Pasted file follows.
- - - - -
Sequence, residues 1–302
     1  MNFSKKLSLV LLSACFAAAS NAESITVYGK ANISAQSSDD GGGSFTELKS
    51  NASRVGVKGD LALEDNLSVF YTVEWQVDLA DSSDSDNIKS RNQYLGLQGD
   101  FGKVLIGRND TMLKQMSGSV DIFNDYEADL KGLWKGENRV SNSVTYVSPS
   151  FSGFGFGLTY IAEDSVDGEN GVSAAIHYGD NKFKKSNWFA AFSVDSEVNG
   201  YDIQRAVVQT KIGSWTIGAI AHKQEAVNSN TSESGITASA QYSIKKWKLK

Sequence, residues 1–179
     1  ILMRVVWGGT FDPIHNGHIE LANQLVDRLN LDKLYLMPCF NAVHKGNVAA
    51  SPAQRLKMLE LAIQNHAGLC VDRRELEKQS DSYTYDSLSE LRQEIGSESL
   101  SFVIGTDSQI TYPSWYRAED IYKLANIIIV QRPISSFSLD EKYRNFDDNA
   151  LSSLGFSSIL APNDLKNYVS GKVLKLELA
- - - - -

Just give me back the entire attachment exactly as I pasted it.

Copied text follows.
Sequence, residues 1–302
     1  MNFSKKLSLV LLSACFAAAS NAESITVYGK ANISAQSSDD GGGSFTELKS
    51  NASRVGVKGD LALEDNLSVF YTVEWQVDLA DSSDSDNIKS RNQYLGLQGD
   101  FGKVLIGRND TMLKQMSGSV DIFNDYEADL KGLWKGENRV SNSVTYVSPS
   151  FSGFGFGLTY IAEDSVDGEN GVSAAIHYGD NKFKKSNWFA AFSVDSEVNG
   201  YDIQRAVVQT KIGSWTIGAI AHKQEAVNSN TSESGITASA QYSIKKWKLK

Sequence, residues 1–179
     1  ILMRVVWGGT FDPIHNGHIE LANQLVDRLN LDKLYLMPCF NAVHKGNVAA
    51  SPAQRLKMLE LAIQNHAGLC VDRRELEKQS DSYTYDSLSE LRQEIGSESL
   101  SFVIGTDSQI TYPSWYRAED IYKLANIIIV QRPISSFSLD EKYRNFDDNA
   151  LSSLGFSSIL APNDLKNYVS GKVLKLELA